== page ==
Total posts : 45366
My take on the sparse information in the LPB Neutral Loading Option shown in: http://utopianetwork.home.comcast.net/carrier/ccneut.pdf is that you just plug the transmitter into a wall outlet and it will feed the signal to the neutral terminal. The transmitter ground is shown as being separate. The neutral terminal on an outlet is connected directly to the building ground rod back at the breaker box. So the load resistance will be the difference between where the transmitter is grounded and the building service entrance ground, probably just a few ohms. This is essentially a direct short. However, if the outlet is a significant distance from the service entrance, there will be an unknown amount of RF impedance, depending on a lot of factors. For signal strenth, the longer the run, the better. Not a pretty setup.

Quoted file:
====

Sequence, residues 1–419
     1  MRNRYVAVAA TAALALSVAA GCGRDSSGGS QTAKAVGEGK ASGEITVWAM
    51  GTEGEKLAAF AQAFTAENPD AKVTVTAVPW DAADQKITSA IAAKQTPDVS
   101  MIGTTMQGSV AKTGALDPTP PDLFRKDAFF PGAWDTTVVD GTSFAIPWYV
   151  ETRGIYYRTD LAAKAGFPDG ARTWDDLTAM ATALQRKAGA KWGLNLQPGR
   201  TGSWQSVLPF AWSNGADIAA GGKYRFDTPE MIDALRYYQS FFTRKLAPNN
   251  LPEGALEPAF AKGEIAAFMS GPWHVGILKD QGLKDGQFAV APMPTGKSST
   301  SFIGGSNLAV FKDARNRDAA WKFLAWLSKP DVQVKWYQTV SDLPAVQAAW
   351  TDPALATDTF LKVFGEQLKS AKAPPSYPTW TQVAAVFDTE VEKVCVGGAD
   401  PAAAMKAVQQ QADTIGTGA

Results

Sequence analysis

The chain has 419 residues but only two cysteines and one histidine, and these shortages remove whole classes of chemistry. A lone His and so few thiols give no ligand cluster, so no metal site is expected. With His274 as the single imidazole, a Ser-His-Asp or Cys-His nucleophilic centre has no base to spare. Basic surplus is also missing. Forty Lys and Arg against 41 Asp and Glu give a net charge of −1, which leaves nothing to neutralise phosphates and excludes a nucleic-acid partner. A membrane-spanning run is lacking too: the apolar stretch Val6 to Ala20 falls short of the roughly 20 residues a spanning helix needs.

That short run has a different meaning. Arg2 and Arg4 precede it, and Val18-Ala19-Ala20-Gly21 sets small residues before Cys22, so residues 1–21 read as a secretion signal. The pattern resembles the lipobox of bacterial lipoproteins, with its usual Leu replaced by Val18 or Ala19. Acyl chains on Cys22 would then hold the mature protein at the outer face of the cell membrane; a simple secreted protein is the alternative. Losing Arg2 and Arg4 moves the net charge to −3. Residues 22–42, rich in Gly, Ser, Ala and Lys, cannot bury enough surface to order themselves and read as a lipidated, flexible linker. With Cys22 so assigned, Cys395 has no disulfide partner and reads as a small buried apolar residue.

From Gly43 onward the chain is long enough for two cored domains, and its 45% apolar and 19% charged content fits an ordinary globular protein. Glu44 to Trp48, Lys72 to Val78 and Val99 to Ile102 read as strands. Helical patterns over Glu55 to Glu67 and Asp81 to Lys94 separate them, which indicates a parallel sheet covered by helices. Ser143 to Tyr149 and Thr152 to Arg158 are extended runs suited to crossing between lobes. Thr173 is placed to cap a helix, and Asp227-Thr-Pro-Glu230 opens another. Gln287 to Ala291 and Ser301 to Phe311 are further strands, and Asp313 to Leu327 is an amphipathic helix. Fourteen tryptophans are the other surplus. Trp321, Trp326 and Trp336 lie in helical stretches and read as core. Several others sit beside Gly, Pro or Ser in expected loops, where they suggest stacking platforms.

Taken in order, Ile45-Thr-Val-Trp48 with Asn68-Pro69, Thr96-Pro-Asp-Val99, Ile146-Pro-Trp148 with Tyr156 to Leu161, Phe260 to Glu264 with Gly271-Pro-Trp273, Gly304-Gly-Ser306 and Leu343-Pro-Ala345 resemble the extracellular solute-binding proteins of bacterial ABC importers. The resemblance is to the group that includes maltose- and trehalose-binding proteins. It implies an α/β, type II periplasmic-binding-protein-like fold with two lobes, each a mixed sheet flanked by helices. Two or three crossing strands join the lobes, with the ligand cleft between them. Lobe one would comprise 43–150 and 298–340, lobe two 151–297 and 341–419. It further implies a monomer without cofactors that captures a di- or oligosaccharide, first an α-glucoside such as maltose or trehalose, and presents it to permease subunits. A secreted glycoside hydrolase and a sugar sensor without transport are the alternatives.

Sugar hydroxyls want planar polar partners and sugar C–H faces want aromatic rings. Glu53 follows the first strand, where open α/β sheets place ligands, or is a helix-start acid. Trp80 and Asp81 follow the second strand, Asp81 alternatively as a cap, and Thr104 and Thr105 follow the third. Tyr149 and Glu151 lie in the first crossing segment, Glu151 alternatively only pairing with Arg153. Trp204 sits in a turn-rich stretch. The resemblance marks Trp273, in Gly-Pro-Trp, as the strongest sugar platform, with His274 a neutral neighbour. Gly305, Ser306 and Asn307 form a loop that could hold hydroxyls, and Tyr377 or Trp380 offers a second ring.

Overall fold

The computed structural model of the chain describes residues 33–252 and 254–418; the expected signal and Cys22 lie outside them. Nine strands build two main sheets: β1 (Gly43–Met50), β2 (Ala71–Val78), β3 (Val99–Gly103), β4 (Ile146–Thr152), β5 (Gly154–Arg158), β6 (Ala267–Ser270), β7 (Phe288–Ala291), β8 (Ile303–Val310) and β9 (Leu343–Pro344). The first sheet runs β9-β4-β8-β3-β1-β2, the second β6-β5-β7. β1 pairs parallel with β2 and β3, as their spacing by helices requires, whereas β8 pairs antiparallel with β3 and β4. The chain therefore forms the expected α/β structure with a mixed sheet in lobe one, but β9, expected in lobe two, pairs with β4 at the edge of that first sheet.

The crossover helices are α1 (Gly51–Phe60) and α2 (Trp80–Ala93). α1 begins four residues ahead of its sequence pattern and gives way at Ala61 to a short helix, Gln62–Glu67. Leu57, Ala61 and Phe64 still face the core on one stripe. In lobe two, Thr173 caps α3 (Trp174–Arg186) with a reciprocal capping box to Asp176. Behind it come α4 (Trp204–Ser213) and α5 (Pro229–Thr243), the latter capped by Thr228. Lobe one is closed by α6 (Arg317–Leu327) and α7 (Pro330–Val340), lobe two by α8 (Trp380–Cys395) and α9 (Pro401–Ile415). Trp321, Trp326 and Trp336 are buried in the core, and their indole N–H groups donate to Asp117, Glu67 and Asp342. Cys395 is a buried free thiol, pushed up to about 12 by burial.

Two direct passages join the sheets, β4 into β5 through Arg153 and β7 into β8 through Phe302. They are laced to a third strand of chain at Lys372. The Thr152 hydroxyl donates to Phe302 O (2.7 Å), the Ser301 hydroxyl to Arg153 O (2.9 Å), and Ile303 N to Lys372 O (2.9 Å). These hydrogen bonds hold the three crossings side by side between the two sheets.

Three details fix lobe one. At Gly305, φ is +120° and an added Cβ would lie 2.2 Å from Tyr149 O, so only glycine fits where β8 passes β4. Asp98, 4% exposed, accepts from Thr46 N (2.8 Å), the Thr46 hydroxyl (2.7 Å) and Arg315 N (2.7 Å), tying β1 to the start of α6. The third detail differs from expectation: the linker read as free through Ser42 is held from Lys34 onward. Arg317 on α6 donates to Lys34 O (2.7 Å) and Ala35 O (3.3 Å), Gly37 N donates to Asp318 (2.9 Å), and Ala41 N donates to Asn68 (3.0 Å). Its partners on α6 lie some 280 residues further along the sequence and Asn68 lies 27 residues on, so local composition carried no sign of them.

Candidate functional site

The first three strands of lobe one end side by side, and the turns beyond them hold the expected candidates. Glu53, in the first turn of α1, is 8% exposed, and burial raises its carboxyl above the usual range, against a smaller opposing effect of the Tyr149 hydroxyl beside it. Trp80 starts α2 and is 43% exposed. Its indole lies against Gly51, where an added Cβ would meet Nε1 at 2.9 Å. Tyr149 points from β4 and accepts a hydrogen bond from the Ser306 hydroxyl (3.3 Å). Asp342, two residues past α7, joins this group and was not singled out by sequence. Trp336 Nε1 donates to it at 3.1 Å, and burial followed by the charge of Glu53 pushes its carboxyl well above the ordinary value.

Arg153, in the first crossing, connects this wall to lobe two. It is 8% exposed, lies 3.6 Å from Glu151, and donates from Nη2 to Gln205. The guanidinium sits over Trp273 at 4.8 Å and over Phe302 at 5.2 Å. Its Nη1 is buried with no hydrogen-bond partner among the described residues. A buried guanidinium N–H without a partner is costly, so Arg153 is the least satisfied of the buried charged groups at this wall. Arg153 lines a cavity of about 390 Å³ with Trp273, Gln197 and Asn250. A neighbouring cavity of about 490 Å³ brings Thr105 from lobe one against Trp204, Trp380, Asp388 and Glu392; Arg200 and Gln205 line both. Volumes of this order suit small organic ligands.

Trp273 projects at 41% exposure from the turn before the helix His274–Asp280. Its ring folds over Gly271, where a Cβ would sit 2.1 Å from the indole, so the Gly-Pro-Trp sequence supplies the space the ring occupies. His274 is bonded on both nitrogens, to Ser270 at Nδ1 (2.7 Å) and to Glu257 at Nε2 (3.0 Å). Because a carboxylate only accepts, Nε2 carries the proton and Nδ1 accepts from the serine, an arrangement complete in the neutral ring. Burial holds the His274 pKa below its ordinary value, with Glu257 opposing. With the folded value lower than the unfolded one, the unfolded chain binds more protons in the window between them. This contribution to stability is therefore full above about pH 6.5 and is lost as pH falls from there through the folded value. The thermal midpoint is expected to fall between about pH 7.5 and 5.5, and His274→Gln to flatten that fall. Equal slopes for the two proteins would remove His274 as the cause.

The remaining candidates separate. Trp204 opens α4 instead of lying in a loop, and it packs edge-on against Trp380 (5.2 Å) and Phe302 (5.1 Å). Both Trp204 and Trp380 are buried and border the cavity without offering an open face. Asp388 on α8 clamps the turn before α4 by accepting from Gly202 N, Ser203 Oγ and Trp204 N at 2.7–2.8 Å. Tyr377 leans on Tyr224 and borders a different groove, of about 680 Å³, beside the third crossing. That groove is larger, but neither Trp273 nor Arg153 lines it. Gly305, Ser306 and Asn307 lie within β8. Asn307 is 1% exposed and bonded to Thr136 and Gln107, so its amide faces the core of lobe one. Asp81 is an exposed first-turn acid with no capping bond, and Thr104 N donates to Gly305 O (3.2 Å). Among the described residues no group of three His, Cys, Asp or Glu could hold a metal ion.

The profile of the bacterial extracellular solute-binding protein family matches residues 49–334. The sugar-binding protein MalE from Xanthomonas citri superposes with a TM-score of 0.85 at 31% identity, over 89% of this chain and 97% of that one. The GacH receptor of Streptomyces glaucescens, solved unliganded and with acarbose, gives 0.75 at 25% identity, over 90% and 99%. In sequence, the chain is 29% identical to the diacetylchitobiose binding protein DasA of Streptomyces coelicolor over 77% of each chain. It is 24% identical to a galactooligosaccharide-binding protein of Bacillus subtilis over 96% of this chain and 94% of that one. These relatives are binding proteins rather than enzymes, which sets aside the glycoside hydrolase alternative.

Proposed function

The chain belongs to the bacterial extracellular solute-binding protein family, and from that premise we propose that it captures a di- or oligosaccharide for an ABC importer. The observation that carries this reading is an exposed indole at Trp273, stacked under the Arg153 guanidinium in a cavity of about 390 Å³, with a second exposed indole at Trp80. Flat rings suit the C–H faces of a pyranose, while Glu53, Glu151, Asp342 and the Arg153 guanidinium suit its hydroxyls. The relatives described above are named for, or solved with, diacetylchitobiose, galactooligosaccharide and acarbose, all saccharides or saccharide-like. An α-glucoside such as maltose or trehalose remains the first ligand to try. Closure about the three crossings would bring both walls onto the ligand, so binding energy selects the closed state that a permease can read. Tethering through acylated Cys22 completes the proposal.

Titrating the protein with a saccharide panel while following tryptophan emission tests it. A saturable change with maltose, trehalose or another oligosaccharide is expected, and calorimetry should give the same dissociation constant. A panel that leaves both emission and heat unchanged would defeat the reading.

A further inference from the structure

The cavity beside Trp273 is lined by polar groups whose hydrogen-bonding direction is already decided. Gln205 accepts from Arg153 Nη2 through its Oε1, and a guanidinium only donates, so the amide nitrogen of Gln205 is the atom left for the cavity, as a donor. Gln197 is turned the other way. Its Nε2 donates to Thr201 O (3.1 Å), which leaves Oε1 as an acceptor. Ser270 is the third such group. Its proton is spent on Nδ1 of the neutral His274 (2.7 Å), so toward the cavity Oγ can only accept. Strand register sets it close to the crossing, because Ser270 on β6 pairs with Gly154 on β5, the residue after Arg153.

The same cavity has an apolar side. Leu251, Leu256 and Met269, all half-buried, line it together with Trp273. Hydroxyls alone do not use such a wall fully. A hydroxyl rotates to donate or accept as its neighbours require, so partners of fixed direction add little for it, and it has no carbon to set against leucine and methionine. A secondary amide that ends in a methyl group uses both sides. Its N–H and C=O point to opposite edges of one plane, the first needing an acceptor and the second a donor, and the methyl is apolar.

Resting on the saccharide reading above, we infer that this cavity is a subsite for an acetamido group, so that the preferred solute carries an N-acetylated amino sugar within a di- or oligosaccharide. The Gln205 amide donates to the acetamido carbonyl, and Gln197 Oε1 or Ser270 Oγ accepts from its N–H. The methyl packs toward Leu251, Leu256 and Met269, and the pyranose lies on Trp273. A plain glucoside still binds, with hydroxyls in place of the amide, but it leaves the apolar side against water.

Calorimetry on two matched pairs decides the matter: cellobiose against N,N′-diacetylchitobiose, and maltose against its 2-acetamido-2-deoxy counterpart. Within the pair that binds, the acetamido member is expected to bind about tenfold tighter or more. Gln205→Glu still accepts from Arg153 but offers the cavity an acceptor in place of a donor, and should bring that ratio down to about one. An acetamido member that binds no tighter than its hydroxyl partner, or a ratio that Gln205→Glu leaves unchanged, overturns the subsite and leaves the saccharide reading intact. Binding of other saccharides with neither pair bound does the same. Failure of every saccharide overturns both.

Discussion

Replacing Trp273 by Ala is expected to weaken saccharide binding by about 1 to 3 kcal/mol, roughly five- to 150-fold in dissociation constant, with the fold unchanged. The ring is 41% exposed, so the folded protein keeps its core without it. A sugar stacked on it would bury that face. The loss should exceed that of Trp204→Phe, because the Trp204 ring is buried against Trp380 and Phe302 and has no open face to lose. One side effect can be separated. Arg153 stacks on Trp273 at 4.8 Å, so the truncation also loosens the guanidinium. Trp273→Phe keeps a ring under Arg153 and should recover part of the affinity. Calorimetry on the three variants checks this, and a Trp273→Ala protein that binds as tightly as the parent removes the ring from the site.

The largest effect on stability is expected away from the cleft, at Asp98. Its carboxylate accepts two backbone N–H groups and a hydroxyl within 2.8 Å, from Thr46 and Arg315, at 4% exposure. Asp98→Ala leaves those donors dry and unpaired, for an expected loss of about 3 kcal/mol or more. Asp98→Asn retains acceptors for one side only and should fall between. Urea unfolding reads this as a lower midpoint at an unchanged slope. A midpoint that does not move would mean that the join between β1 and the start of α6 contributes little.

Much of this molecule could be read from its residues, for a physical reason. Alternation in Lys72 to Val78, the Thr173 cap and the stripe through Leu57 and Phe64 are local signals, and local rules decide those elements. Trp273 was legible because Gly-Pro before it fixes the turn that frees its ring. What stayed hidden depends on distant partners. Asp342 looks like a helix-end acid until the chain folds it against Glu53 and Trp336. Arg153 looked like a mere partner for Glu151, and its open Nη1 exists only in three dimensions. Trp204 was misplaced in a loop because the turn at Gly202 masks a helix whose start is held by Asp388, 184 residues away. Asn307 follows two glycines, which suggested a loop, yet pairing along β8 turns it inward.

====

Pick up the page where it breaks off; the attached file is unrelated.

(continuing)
Old time full blown carrier current campus systems distributed the RF by coax to each building. High current RF inductors were inserted in series between the power feed to the building and the internal wiring. The RF from the coax was then coupled to the hot legs on the internal wiring side of the inductors. This is best for efficiency and for preventing the signal from radiating from the overhead power lines. But, this is still extremely inefficient because the signal is attenuated by the internal building wiring hot lead to ground capacitance. The transmitter needed to run at fairly high power to overcome the losses. And, talk about hum!